I’m about an hour from landing in Albany, NY. From there I’ll jump in my sister’s car and drive about two hours home to Castleton, VT…my home. I’ll arrive to the house late at night but my dad will wake up, like he always does, and pour me a glass of wine and we will talk for hours while I cuddle up with Cleo, my childhood dog. It’s been over 6 months, and it’s time to go home.
Growing up in Vermont is a unique experience. Over the years I’ve heard many stories from others about what Vermont looks like in their heads – quiet towns, rolling hills, farms, simple people, maple syrup and cheddar cheese.
Honestly…that is pretty spot on. Add in some family values, dirt roads, and neighborly love and you sum up most of what Vermont means to me.
About 8 years ago I left Vermont. Right after college I wandered West to pursue my M.A. at Pepperdine College in Malibu, CA. During my tenure there I fell in love with the ocean, margaritas, and weekends spent on beach cruisers with friends. It was one hell of a time. In five years I completed my M.A., I worked as a waitress, a barista, a hostess, and then…it happened. I started working for my first start-up.
Addiction set in pretty quickly. Big decisions, a small team, late nights, and crazy ideas. Add in too many vendi iced coffees, Google Adwords opening up, and the infancy of a concept called “social media” and geezzzz..I didn’t stand a chance.
My love for start-ups took me to Seattle and eventually to SEOmoz where I think I can officially wear the badge of “techie.” I live my life online for the most part. You all know what I mean – roll over in the morning and grab the phone, jump out of the shower and grab the phone, get to work and hop online, get home and jump online, sneak into bed at night and check email one last time.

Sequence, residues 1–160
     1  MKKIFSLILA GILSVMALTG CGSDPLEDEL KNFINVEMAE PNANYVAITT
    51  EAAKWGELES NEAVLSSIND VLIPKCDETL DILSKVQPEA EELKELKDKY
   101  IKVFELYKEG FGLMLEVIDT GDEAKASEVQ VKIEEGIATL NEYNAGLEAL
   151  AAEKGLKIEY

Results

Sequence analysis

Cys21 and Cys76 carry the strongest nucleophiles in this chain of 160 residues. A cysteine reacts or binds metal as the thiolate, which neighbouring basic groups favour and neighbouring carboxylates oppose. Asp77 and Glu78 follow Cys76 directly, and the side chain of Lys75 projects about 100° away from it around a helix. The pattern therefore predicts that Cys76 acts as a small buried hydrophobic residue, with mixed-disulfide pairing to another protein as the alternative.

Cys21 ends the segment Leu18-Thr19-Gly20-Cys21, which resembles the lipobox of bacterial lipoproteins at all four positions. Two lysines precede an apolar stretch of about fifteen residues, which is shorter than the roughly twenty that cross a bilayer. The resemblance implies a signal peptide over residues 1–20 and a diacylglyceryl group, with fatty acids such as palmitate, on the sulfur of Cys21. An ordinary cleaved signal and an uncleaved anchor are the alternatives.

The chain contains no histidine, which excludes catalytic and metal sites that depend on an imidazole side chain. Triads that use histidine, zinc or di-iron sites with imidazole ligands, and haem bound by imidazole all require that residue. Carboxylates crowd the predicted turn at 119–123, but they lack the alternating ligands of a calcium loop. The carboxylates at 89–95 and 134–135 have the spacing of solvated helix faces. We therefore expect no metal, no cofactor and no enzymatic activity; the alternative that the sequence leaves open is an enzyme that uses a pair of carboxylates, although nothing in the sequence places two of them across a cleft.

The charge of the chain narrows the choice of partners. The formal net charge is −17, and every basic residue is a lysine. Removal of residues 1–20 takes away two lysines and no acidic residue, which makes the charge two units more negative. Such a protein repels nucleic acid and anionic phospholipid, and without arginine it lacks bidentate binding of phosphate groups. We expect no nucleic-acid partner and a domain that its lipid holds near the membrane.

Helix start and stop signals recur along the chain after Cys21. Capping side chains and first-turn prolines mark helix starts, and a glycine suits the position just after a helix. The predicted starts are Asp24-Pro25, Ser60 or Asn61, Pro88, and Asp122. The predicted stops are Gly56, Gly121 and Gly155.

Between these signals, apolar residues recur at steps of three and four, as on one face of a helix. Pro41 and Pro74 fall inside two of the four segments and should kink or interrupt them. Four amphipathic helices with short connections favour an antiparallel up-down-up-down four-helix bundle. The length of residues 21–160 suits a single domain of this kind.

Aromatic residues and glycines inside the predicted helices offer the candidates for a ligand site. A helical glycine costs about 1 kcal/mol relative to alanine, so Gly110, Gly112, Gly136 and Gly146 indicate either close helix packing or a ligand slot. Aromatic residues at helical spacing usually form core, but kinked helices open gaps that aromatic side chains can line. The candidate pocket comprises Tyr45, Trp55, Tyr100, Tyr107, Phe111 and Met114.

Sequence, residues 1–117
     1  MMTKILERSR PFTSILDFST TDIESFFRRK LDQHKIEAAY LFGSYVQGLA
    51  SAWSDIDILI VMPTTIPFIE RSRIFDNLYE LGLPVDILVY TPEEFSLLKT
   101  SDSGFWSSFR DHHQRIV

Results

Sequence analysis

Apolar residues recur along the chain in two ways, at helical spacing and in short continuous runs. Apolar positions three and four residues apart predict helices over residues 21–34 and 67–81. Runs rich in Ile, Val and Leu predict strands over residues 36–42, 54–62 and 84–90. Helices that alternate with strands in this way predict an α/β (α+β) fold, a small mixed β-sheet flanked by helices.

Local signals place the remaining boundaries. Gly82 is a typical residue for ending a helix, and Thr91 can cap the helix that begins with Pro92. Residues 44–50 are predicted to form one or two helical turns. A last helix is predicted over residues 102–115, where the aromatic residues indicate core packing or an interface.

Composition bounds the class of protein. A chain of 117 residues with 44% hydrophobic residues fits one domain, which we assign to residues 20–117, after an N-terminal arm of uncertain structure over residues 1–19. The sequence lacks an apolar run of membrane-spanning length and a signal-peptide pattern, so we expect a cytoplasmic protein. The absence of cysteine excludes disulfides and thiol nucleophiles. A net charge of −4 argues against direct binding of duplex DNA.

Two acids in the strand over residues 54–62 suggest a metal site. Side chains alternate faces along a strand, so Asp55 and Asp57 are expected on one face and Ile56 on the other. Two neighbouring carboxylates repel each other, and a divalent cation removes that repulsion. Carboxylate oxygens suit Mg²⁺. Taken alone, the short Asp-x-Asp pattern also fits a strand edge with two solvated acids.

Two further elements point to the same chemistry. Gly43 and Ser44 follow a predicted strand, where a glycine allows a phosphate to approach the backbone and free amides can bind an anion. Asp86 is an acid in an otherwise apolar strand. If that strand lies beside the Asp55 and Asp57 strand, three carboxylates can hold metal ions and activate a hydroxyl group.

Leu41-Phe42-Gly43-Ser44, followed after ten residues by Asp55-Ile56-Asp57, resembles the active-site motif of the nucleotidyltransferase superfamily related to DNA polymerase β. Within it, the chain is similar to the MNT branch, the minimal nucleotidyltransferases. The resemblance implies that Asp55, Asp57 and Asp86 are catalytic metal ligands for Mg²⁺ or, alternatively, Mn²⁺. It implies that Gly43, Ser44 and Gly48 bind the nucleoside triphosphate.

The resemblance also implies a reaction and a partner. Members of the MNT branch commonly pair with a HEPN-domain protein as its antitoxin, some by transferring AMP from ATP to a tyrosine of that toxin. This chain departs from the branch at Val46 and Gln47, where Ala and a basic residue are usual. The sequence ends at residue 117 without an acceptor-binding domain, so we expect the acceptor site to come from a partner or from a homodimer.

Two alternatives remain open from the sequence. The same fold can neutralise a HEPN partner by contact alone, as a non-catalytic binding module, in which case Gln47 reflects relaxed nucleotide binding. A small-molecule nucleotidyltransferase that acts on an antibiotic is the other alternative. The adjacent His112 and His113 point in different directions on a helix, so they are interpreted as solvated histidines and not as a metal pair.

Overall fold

Some call it crazy – I call it connected. I’m connected to the world and that concept has always given me shivers.
But sometimes…I just want to go home. I want to head home to Vermont and leave my phone in my room while I go play with my nephews, or drink a beer with my father. When I go home I wake up early to sun in the window and head out for the same 4-mile loop I’ve been running since I was thirteen. The “techie” in me steps aside and this country girl jumps out…and I freaking love it.
A week away from the office is a lot. For years it has given me anxiety to jump out of my inbox for that long, but I’ve grown to realize that no trip is as valuable to me and my soul than this one. When I’m home I reconnect to why this is all so important – the Internet that is.
I remember just how many of my friends back home need jobs, and how many of them miss people that have moved away. I see neighbors start businesses and ask me how to get them working online. I see my old highschool (which, coincidentally, my uncle is the principal of) begin to move everything online – and those are the things that remind me…
…the late nights are fucking worth it. We are building something spectacular right now. We are paving roads that will be walked on for years to come, and shaping something that is unfolding this very second. Craziness. Absolutely craziness.
Going home to Vermont for me is more than just a perspective adjustment though – it’s also a grounding. Sometimes out in Seattle, surrounded by brilliant people who love to move fast and think big, I forget just how beautiful it can be to slow down and appreciate small things.
Slow down and appreciate the small things…like hugging my dad, like thanking my brother for that phone call last month and his great advice, or even just walking up and visiting my mom’s grave to tell her just how well things are going. It’s those moments that remind me just where I started, and how far I’ve come. We all need those moments.
I wonder sometimes if the techie in me and the country girl are living in there together or if over the years they’ve grown to be more of this unique hybrid. I like to think it’s the latter and that in the years to come I’ll build beautiful things with amazing teams, but always remember to go home…to Vermont…where I can absorb the quiet, run the rolling hills, and laugh with my dad.
One thing is for sure, I am one lucky lady. One seriously lucky lady.